How NYC Health + Hospitals equipped its 1,000-bed field hospital with EMR, hospital tech 

Jackie Drees - Print  | 

NYC Health + Hospitals and the New York Department of Health teamed up with Epic earlier this month to launch an EMR system across its 1,000-bed Javits Center field hospital for COVID-19 patients. 

In addition to the EMR, the New York City-based temporary hospital features other standard equipment for patient care, including mobile diagnostic imaging machines, pharmacies and some lab equipment, according to Kim Mendez, RN, chief health informatics officer at NYC Health + Hospitals. 

The New York District of the Army Corps of Engineers converted the 1.8 million-square-foot convention center into an alternate care facility in early April. As of April 19, 995 patients have been treated at Javits, according to CNN.

The New York City Department of Health and Mental Hygiene provided 50 laptops and 300 iPads for Javits Center staff to use the EMR, which is linked to NYC Health + Hospitals' Epic system. By connecting with the health system's EMR, Javits Center clinicians can register patients, use Epic's interoperability network to look up patient medical histories taken by other New York City hospitals, document clinical notes and discharge patients, Ms. Mendez told Becker's Hospital Review. 

Here, Ms. Mendez discusses how NYC Health + Hospitals stood up the EMR at Javits Center as well as her top priorities with leading the project. 

Editor's note: Responses have been lightly edited for clarity and length. 

Question: What has been the biggest IT challenge with establishing the temporary hospital? 

Kim Mendez: The infrastructure at Javits Center allowed the opportunity to use our current mobile device options and clinical applications such as Canto, an Epic app that allows providers to access the EHR via iPad. Ensuring EMR security and regulatory compliance was at the forefront of our minds, and NYC Health + Hospitals maintained governance over these areas during the implementation and now support phase. This included maintaining our enterprise active directory and system access standard processes.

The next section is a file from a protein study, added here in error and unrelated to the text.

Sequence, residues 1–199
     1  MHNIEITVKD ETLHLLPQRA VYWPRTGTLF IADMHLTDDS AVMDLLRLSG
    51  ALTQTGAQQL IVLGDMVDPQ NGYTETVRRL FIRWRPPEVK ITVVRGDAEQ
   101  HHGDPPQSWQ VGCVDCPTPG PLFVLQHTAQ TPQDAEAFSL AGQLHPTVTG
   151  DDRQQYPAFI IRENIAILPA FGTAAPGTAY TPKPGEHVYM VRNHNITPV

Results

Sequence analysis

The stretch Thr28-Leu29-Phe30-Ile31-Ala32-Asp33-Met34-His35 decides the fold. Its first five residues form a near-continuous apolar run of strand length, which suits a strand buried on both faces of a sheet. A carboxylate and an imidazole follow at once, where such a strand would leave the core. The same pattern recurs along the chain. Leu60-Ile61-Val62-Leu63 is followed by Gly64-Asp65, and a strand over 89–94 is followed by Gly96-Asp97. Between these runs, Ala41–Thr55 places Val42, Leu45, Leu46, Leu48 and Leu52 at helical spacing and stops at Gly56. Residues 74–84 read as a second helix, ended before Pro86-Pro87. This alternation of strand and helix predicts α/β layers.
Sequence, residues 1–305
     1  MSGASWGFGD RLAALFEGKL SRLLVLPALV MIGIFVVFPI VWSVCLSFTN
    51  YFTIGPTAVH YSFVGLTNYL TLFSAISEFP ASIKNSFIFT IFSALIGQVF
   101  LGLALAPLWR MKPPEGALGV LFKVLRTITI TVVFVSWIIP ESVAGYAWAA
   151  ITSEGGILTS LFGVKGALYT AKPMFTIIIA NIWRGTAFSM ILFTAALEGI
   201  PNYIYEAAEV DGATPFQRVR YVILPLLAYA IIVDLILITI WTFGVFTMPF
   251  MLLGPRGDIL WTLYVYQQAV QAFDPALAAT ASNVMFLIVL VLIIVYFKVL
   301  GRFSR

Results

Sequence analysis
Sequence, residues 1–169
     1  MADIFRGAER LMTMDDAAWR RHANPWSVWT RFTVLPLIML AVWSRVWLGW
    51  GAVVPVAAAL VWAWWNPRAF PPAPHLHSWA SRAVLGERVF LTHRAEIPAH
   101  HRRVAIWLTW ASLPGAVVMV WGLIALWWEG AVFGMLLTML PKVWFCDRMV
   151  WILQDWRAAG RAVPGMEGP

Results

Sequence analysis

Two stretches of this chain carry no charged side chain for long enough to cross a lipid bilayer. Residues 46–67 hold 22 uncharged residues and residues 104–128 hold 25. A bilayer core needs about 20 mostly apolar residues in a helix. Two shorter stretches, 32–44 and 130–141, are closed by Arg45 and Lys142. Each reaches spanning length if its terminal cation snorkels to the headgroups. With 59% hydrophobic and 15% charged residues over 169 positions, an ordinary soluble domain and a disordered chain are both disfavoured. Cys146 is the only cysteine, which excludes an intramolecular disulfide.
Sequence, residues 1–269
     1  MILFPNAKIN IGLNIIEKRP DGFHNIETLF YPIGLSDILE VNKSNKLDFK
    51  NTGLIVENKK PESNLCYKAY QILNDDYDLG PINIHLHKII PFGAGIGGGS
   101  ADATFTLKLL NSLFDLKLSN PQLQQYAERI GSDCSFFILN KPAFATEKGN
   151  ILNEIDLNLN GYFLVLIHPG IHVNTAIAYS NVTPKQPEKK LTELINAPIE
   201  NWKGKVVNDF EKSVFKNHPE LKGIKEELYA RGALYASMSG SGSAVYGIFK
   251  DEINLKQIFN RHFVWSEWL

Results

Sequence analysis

Our biggest challenge was establishing a process to onboard hundreds of new care providers while still ensuring our EMR security and regulatory compliance standards were met. This was done as we scaled up additional surge capabilities as required by the pandemic. Once the process was established, we were able to turn around access quickly while adhering to our enterprise standards.

Q: How has your IT team been involved with the project? Are they on the ground to tend to issues? 

KM: NYC Health + Hospitals participated as a team member with NYC Department of Health and Mental Hygiene, our EMR vendor Epic and the military staff on the ground. Our technology team had initial discovery/assessment rounding and hands-on support on-site at Javits Center as we stood up the EMR option. We have assigned a project manager to provide ongoing liaison and communication with the team and escalate concerns as our technology team transitioned to new surge capacity priorities. Ongoing training for new staff is provided by Epic and the military staff, and NYC Health + Hospitals maintains support for onboarding new staff and help desk support.

Q: As CIO, what has your No. 1 priority been with standing up IT operations at the center?

KM: Key areas of priority included assessing the core needs, identifying the scope of work, assessing and allocating resources, and ensuring safety within a secure environment. Our technology, security and EMR team sprinted to launch a viable, safe solution, in collaboration with Epic and NYC Department of Health and Mental Hygiene within just a few days. We are mission-driven to provide healthcare to our community and take pride in transcending boundaries to do so.​

Editor's note: Becker's Hospital Review has reached out to NYC Health + Hospitals for an update on the number of beds occupied at Javits and will update this article when the information becomes available. 

More articles on EHRs: 
New Jersey health department, University Hospital tap Epic for EHR at state field hospital 
Mayo Clinic develops EHR tool to track contact between employees and COVID-19 exposure
Viewpoint: Once viewed as tech burden, EHRs may now be considered an asset in coronavirus pandemic

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